First you hear the annoying buzz, then the tiny sting is immediately followed by a clap and a scratch. But if you miss the mosquito, you are all the more annoyed.
Besides being a complete nuisance, a mosquito bite may cause an allergic reaction. This condition is called Skeeter syndrome. There are a number of reasons some people are more susceptible to Skeeter syndrome than others.
Are You an Ideal Target?
Mosquitos love the way you smell. And they are particularly drawn by heat. And antimicrobial substances and proteins released by a mosquito bite can cause allergies. You might be a perfect mosquito target if you:
- Have type O blood
- Are pregnant
- Drink beer
- Have excess weight
- Are a man
- Emit ammonia, lactic or uric acid
How to Spot an Allergic Reaction?
There are several indicators of an allergic reaction. Even though some of them may require immediate medical attention, usually there is no need to panic. If the mosquito bite seems much bigger than normal this may be a sign of allergy. Other, more serious symptoms can include:
- Bruises, lesions, or hives
- Lymph system inflammation
- Increased itchiness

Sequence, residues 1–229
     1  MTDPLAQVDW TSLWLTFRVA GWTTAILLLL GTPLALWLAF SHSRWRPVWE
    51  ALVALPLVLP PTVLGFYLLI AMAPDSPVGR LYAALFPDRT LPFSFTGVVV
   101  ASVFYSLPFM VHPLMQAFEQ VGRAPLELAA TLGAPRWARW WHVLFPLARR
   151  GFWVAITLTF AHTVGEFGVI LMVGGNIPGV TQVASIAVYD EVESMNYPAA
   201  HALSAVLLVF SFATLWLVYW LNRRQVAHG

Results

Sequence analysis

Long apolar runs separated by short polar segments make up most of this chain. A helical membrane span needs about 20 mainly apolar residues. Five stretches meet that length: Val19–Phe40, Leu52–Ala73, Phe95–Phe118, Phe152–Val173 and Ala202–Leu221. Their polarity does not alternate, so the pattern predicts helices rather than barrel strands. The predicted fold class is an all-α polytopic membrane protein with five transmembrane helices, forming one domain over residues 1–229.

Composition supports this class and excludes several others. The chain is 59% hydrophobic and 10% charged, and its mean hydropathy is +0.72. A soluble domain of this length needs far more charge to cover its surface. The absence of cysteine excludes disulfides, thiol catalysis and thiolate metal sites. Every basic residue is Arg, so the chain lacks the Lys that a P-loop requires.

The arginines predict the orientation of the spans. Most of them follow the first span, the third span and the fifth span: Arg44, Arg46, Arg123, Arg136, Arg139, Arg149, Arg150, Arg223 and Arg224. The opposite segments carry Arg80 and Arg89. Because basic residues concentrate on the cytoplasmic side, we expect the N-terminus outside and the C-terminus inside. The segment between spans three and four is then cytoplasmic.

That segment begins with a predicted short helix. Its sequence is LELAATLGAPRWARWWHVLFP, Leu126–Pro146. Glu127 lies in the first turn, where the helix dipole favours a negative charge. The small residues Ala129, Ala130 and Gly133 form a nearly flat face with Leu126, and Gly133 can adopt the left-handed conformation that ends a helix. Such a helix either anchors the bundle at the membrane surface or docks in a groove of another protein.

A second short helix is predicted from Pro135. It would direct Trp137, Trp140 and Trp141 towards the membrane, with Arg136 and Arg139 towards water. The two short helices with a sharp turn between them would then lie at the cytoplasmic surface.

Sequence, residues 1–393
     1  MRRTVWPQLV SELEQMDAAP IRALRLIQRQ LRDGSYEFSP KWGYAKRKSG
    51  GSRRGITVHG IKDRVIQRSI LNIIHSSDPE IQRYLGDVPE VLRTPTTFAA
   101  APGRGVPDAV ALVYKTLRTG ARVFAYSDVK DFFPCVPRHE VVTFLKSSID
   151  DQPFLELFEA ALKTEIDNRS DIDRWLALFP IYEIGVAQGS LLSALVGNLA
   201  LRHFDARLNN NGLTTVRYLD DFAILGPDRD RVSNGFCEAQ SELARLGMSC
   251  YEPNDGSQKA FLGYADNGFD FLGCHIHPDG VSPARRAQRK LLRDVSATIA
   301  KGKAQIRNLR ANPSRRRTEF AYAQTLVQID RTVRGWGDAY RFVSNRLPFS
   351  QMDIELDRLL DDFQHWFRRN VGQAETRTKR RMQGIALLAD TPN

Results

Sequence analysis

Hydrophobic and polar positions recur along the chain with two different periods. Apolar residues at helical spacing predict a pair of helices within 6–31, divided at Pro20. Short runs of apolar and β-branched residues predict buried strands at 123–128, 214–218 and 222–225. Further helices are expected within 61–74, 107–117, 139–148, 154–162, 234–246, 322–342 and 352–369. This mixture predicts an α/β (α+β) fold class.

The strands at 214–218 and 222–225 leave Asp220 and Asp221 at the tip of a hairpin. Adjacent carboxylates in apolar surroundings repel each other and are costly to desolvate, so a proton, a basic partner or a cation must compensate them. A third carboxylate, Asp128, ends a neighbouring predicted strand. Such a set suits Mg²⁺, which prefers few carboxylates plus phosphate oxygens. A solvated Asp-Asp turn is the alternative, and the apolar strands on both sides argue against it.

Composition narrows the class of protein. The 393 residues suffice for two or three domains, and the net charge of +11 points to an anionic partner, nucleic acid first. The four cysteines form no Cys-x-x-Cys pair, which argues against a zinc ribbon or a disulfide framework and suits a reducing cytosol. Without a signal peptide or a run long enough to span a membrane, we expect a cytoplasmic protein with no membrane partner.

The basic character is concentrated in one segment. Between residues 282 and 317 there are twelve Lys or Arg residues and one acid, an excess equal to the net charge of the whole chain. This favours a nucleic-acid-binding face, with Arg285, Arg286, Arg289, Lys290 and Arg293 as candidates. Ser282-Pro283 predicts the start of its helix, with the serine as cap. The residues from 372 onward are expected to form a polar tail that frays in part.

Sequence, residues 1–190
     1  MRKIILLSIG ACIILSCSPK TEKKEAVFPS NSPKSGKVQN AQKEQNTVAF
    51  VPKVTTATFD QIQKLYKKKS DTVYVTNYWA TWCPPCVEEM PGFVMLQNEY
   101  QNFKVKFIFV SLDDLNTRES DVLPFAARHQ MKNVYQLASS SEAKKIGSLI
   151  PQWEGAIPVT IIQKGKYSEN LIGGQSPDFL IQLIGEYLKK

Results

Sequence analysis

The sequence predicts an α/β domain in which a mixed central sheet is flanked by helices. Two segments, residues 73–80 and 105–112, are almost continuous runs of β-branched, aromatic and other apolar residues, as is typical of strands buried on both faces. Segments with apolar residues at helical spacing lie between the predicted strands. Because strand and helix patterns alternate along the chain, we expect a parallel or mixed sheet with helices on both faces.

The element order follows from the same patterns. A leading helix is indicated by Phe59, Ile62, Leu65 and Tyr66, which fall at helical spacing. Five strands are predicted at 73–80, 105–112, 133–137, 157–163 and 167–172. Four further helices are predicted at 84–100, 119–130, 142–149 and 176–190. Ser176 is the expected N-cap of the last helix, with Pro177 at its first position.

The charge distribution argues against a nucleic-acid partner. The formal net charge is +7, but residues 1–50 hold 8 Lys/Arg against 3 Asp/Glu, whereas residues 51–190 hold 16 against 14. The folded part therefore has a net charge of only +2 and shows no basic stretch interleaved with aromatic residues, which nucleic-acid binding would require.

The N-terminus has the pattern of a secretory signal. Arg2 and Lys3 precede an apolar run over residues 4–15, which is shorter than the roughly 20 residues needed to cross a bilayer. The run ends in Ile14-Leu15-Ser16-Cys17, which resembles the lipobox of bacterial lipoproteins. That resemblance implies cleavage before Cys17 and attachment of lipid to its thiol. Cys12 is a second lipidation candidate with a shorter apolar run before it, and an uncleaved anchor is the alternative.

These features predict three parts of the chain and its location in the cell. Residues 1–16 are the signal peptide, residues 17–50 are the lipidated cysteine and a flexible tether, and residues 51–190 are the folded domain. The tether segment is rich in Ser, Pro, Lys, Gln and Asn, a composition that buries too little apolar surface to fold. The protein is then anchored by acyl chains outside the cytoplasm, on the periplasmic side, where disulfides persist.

- Fever, headache, or vomiting (you may need medical help)
- Tiredness and sensitivity to light (you may need medical help)
- Localized muscle weakness (you may need medical help)
Standing water is an ideal breeding ground for mosquitoes. Make sure there is no stagnant water near your home. Cleaning gutters, pools, birdbaths, and surplus containers help get rid of potential mosquito infestations.
Wearing long sleeves and hats can save you from the bites. But you probably don’t want to be so well dressed in the middle of the summer. So consider the AAAAI advice and use products containing 6-25% DEET.
The Last Bite
During long summer evenings it can be hard to avoid mosquitoes. While a mosquito bite may cause an allergic reaction, most people don’t get any serious side effects.